Dae Hwan and Young Mi Jung lived contentedly in Toledo, Ohio, for 20 years. But after a mix-up with Homeland Security, the couple made the difficult decision to voluntarily deport to Korea. They left their only son, Andrew, behind.
By Alice K. Kim
KoreAm Issue: February 2006
TOLEDO, Ohio — It is two days after Christmas, and a light rain is steadily washing away the snow that has accumulated in the past few weeks. It is unseasonably warm for December, and the drizzle makes Christmas seem like an already distant memory. Emmanuel Baptist High School, damaged due to a recent arson attack, is quiet, although there are cars in the parking lot because the basketball teams have already resumed practice.
Robert Flamm, a pleasant-looking man, is the principal of Emmanuel Baptist and lives within walking distance of the school. Living with him is one of his students, Andrew Jung, a gangly 15-year-old freshman.
Andrew is busy scarfing down his lunch when a Korean American visitor appears. He leaps up and bobs his head in a quick, uncertain bow, then seems relieved when a handshake is offered and cultural formalities are dispensed. He then quietly returns to his sandwich, cleaning his plate with the alarming speed that is reserved for teenage boys. When he is done, he immediately rinses his dishes and places them in the dishwasher.
Andrew has been living with the Flamms since August 2005, when both his parents were voluntarily deported to South Korea, after having lived in the United States for over 20 years. Dae Hwan and Young Mi Jung first came to Toledo in 1984 on Dae Hwan’s student visa. Over the next 10 years, Dae Hwan raised a family while completing an undergraduate degree in mechanical engineering at the University of Toledo. The Jungs returned to Korea briefly in 1995, and then re-entered the States on another student visa for Dae Hwan, this time to pursue an English language degree at the University of Michigan. Dae Hwan later petitioned to change his course of study to accounting at the University of Toledo, but his visa continuation was denied by Immigration and Naturalization Services (INS).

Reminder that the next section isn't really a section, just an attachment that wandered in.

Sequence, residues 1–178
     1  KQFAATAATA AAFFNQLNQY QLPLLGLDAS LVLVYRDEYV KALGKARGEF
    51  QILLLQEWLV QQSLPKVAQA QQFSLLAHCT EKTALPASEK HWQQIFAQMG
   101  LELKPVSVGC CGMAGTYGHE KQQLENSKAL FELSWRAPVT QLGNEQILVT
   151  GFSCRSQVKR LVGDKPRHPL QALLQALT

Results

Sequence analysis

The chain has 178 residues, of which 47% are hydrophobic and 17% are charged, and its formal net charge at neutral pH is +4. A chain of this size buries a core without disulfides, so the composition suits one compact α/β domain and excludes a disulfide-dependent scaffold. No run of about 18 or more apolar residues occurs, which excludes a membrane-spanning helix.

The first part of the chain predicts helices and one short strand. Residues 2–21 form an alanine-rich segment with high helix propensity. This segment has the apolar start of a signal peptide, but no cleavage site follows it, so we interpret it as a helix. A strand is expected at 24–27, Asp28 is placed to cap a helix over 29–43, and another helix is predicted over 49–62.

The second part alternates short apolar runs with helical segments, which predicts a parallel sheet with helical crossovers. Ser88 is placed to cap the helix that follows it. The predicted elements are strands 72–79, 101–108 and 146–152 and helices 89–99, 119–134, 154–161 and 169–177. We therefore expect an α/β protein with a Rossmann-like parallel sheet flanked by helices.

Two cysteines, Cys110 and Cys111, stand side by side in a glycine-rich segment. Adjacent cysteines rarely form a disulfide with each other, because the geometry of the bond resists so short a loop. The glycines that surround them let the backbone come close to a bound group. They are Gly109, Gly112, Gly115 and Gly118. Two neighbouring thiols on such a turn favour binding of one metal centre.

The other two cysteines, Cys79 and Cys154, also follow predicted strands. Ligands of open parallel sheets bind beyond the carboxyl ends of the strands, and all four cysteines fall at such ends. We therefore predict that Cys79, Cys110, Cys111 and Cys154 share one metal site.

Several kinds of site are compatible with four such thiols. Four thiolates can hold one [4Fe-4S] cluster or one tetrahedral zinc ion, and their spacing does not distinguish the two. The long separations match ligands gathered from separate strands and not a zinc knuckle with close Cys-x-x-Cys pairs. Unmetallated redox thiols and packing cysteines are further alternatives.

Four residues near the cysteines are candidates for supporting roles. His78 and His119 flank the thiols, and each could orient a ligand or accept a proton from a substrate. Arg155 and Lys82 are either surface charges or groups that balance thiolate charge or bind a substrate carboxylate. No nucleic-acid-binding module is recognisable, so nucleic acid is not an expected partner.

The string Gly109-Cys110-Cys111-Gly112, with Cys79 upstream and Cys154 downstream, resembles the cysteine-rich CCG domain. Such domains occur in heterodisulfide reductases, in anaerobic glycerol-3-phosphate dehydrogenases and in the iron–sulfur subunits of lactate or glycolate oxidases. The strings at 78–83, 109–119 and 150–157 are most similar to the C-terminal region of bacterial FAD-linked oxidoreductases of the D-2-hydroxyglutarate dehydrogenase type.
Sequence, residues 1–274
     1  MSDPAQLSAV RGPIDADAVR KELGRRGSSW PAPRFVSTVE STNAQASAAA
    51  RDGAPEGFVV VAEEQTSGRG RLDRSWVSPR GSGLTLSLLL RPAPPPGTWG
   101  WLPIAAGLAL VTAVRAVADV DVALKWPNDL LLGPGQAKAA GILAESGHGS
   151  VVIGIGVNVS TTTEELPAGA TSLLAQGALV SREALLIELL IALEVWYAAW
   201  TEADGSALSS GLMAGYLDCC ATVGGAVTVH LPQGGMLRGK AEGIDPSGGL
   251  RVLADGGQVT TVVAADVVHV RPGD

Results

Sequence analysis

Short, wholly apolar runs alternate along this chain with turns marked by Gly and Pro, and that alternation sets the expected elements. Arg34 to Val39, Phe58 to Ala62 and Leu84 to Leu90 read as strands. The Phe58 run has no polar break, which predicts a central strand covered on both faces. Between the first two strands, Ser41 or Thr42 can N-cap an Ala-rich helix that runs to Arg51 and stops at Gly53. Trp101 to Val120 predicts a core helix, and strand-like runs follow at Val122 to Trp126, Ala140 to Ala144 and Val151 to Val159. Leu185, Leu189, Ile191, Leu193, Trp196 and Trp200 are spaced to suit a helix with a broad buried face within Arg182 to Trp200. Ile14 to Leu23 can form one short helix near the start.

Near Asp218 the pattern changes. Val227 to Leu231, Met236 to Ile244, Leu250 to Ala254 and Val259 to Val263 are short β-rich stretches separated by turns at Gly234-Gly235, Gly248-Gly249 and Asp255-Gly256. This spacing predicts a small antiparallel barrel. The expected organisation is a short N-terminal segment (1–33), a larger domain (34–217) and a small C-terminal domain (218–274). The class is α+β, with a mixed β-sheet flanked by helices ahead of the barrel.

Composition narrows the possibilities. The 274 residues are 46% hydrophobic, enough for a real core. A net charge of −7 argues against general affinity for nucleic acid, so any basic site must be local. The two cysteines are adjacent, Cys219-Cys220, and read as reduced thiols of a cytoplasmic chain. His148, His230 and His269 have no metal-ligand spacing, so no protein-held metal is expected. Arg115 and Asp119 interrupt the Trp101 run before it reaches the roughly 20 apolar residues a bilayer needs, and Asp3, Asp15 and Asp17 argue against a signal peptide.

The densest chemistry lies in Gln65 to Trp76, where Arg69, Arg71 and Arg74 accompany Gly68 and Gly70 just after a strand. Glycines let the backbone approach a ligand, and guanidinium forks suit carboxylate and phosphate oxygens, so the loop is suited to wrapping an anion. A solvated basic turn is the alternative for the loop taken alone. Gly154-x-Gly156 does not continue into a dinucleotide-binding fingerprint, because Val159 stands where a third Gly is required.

In 1996, INS issued a notice requiring that the Jungs attend a deportation hearing, although, according to the Jungs, they never received that notice. By that time, their original home address had long changed, and their lawyer failed to inform them of the hearing date. The Jungs did not appear at the mandatory hearing, and as a result, were ordered to deport. Unaware of the order, the Jungs remained in Toledo. Dae Hwan found work as a dishwasher, and then as a sushi chef at a local restaurant. His employers sponsored him for an I-140 work permit. When he received the permit, Dae Hwan mistakenly assumed that his immigration status was finally secure.
On Feb. 14, 2005, the Jungs were roused at 6 a.m. by agents with the Department of Homeland Security and Toledo police officers. Dae Hwan, who had fallen asleep in front of the living room television after his late night shift, answered the front door. As the officers filed into the living room, Young Mi, who had been sleeping in the upstairs bedroom, sensed that something was amiss. She told Andrew to stay in his bedroom, before she joined her husband downstairs. The officers ordered them to present their passports and driver licenses. As his parents frantically scrabbled to find their paperwork, Andrew listened from his bedroom door.
“I could hear my parents scurrying around, talking Korean, saying â€˜Where is it? Where is it?’ They went through everything, but they couldn’t find [the papers],” Andrew recalls. After showing the officers several documents, the Jungs were informed that Young Mi had to be taken into federal custody. Before they led her away, Young Mi turned to reassure her family.
“My mom said, â€˜I’ll be back very soon. Don’t worry about it, we’re going to get this all settled out.’”
This was not to be the case, however. Over the next six months, Young Mi was held in a variety of detention centers, some over eight hours away. Dae Hwan, with the help of close friends from the community, searched for ways to get her released. He left his initial lawyer, the one who had bungled the original deportation hearing notice, and hired a lawyer who specialized in immigration law and removal and deportation proceedings. As time passed, however, Young Mi’s court hearing date kept getting delayed. Between looking for legal options and trying to keep track of his wife’s frequent detention center moves, Dae Hwan continued to work at the restaurant to support himself and Andrew. Andrew stayed with one friend after another, often not seeing his father until late at night. At times, different rumors would circulate about the possibility of Dae Hwan also being taken in to custody.